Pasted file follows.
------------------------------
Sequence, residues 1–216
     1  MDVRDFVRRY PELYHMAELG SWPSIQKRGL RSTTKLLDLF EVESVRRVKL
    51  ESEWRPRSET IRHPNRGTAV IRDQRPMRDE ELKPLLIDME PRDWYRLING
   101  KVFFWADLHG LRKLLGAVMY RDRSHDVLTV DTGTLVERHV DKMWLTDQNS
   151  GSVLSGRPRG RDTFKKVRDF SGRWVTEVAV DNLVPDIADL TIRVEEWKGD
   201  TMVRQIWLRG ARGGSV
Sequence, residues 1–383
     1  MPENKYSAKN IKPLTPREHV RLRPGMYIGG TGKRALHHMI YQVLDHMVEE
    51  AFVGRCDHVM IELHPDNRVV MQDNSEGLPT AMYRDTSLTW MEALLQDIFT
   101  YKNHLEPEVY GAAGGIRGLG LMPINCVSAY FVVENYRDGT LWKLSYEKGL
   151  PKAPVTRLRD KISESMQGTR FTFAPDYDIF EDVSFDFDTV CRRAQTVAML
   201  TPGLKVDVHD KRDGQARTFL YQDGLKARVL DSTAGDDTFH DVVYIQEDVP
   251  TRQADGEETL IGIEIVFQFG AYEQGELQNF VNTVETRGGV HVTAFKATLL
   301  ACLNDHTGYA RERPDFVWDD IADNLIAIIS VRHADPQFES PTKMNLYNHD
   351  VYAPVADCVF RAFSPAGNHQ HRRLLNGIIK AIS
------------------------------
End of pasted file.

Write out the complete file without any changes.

Sequence, residues 1–216
     1  MDVRDFVRRY PELYHMAELG SWPSIQKRGL RSTTKLLDLF EVESVRRVKL
    51  ESEWRPRSET IRHPNRGTAV IRDQRPMRDE ELKPLLIDME PRDWYRLING
   101  KVFFWADLHG LRKLLGAVMY RDRSHDVLTV DTGTLVERHV DKMWLTDQNS
   151  GSVLSGRPRG RDTFKKVRDF SGRWVTEVAV DNLVPDIADL TIRVEEWKGD
   201  TMVRQIWLRG ARGGSV
Sequence, residues 1–383
     1  MPENKYSAKN IKPLTPREHV RLRPGMYIGG TGKRALHHMI YQVLDHMVEE
    51  AFVGRCDHVM IELHPDNRVV MQDNSEGLPT AMYRDTSLTW MEALLQDIFT
   101  YKNHLEPEVY GAAGGIRGLG LMPINCVSAY FVVENYRDGT LWKLSYEKGL
   151  PKAPVTRLRD KISESMQGTR FTFAPDYDIF EDVSFDFDTV CRRAQTVAML
   201  TPGLKVDVHD KRDGQARTFL YQDGLKARVL DSTAGDDTFH DVVYIQEDVP
   251  TRQADGEETL IGIEIVFQFG AYEQGELQNF VNTVETRGGV HVTAFKATLL
   301  ACLNDHTGYA RERPDFVWDD IADNLIAIIS VRHADPQFES PTKMNLYNHD
   351  VYAPVADCVF RAFSPAGNHQ HRRLLNGIIK AIS